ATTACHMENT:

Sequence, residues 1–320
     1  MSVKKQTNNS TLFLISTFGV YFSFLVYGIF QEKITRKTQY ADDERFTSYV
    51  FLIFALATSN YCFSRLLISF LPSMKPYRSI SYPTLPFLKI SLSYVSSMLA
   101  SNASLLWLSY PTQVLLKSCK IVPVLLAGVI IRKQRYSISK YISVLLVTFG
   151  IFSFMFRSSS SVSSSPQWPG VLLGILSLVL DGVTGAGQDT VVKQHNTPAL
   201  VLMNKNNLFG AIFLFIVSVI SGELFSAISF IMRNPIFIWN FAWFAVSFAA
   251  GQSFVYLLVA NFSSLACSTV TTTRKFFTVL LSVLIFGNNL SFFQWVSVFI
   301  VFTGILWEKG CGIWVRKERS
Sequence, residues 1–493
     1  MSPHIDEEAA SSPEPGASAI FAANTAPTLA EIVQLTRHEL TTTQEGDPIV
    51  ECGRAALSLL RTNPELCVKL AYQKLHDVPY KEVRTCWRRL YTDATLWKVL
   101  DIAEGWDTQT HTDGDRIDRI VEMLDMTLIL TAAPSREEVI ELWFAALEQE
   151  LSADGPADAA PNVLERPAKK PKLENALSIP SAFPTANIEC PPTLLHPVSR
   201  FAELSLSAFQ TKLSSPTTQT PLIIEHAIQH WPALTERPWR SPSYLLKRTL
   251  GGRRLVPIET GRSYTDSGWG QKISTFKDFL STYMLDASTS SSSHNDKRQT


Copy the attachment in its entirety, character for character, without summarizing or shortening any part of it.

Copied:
Sequence, residues 1–320
     1  MSVKKQTNNS TLFLISTFGV YFSFLVYGIF QEKITRKTQY ADDERFTSYV
    51  FLIFALATSN YCFSRLLISF LPSMKPYRSI SYPTLPFLKI SLSYVSSMLA
   101  SNASLLWLSY PTQVLLKSCK IVPVLLAGVI IRKQRYSISK YISVLLVTFG
   151  IFSFMFRSSS SVSSSPQWPG VLLGILSLVL DGVTGAGQDT VVKQHNTPAL
   201  VLMNKNNLFG AIFLFIVSVI SGELFSAISF IMRNPIFIWN FAWFAVSFAA
   251  GQSFVYLLVA NFSSLACSTV TTTRKFFTVL LSVLIFGNNL SFFQWVSVFI
   301  VFTGILWEKG CGIWVRKERS
Sequence, residues 1–493
     1  MSPHIDEEAA SSPEPGASAI FAANTAPTLA EIVQLTRHEL TTTQEGDPIV
    51  ECGRAALSLL RTNPELCVKL AYQKLHDVPY KEVRTCWRRL YTDATLWKVL
   101  DIAEGWDTQT HTDGDRIDRI VEMLDMTLIL TAAPSREEVI ELWFAALEQE
   151  LSADGPADAA PNVLERPAKK PKLENALSIP SAFPTANIEC PPTLLHPVSR
   201  FAELSLSAFQ TKLSSPTTQT PLIIEHAIQH WPALTERPWR SPSYLLKRTL
   251  GGRRLVPIET GRSYTDSGWG QKISTFKDFL STYMLDASTS SSSHNDKRQT